Clark–those who have supported him and watched over his interests
during the past two months, the darkest period in his young life.
Especially do I wish to congratulate Phoebe Daring and the energetic
organizers and officers of the Toby Clark Marching Club for their
good work on behalf of our young friend, who has so unjustly suffered
because of a false accusation. But Toby’s troubles are over, now; for
all time, I hope. Once more his good name stands unsullied in the eyes
of the world. He has proved his mental caliber and courage by the manly
way in which he has faced the wicked charge brought against him. With
ample means, such as he now possesses, to back his highest ambitions, I
predict that Toby Clark will in time become a great man and a power in
our little community.”

The banker stood bowing until the thunderous applause that greeted his
speech subsided. Becky smashed a plate by pounding it upon the table
and no one reproved her. Then she pinched Don’s leg and his howl merely
increased the sounds of jubilation. When, at last, comparative quiet
reigned, Mr. Spaythe said:

“We will now hear from Toby Clark.”

Toby, still bewildered but trying to grasp the reality of the good
fortune that had befallen him, responded in a few broken words:

“You won’t hear much from me,” he said, “because my heart is too full
for anything but gratitude for the kind friends who have done so much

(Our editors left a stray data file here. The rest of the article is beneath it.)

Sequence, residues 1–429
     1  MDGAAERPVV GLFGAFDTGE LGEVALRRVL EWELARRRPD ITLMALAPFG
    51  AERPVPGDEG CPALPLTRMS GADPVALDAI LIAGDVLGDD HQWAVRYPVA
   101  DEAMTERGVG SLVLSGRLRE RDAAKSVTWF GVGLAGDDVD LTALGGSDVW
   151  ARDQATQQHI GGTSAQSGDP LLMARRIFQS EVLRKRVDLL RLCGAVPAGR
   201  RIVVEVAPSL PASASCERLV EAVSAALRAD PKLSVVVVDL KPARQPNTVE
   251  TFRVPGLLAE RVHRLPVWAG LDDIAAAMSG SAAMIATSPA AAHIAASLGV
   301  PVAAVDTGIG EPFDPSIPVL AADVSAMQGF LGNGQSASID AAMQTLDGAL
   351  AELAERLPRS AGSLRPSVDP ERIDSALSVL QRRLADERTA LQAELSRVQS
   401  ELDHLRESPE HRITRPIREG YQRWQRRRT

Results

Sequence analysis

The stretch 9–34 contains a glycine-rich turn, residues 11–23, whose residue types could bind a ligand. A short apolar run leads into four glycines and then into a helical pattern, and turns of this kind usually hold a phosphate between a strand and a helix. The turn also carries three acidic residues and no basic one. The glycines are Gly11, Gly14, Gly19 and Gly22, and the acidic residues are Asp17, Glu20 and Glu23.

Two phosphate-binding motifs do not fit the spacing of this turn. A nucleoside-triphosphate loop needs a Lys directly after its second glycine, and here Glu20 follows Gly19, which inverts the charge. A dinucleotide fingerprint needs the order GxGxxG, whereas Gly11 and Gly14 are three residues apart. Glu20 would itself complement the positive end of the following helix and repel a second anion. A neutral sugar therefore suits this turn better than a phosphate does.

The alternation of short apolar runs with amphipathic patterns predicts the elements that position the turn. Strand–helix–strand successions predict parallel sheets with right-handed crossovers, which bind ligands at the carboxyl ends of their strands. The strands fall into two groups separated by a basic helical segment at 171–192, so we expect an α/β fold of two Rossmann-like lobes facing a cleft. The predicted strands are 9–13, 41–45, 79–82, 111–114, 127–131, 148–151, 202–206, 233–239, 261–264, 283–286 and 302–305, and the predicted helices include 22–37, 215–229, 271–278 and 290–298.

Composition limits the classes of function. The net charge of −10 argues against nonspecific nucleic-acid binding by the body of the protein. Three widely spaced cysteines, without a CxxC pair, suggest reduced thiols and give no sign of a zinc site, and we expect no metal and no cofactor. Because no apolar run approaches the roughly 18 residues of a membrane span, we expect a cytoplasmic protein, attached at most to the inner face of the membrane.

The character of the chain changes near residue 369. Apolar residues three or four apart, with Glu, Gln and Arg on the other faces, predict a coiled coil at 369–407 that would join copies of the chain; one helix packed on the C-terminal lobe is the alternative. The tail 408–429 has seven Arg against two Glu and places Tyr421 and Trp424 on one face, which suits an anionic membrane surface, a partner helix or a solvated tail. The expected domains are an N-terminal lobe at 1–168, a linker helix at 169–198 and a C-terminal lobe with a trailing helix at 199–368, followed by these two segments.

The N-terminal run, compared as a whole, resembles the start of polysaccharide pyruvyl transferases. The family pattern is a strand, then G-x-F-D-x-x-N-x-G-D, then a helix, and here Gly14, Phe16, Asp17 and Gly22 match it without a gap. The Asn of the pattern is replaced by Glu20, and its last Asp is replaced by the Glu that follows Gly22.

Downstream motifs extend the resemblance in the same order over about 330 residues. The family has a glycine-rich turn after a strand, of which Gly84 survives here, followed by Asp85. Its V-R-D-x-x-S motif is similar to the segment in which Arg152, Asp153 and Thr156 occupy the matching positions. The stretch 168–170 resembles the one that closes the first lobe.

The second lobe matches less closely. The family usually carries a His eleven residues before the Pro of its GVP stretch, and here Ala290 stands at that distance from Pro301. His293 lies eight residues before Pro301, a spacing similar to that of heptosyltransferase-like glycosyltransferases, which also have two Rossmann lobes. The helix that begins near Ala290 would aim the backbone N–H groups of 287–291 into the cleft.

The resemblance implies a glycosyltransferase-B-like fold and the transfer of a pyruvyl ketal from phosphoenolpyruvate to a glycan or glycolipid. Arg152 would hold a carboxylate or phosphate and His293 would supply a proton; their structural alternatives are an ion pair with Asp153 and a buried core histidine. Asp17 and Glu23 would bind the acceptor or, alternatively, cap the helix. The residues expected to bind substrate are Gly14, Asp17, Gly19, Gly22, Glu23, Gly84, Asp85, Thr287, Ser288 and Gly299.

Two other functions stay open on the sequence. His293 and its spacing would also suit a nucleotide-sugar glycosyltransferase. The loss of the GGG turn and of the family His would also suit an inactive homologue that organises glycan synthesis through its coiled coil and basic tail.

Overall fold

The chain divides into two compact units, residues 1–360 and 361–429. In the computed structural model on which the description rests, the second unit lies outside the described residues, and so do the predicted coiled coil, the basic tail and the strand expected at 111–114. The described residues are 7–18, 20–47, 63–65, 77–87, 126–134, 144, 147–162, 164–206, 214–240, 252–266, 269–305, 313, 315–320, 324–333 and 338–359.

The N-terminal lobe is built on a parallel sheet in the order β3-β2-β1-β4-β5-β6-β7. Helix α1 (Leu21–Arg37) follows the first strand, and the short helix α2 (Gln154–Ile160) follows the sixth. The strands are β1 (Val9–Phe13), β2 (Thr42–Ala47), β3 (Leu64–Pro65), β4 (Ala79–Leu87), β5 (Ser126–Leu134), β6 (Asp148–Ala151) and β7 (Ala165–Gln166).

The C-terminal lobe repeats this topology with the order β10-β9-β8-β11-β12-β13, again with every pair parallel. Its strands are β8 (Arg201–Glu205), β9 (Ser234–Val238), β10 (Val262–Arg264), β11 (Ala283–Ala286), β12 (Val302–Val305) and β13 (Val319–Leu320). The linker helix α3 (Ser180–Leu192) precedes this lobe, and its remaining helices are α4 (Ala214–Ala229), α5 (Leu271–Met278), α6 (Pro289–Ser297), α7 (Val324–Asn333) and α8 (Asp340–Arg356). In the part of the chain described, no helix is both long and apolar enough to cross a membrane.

for me. I wasn’t worth all your interest in me and trouble on my
account, you know; but I’ll try to be more worthy in the future. I–I’m
very happy and–I–I thank you all!”

More wild applause, and then Don’s voice was heard asking:

“Say, who gave the Marching Club that fifty dollars?”

“I did,” replied Mr. Spaythe, “and it was the best fifty I ever
invested. But,” he added with a smile, “I’ve an idea of charging it to
the account of Toby Clark.”

Here Mr. Holbrook rose to his feet.

“Toby Clark once applied to me for a position in my office,” he said,
“and I was obliged to refuse him. But as my business is growing nicely
I would now like to have him for my clerk.”

“No,” said Toby, with something of his old-time whimsical humor,
“I must refuse the nomination, with thanks. I’m going to college.
Some day, though, I’ll be a lawyer, too, Mr. Holbrook, and then–who
knows?–we may go into partnership together.”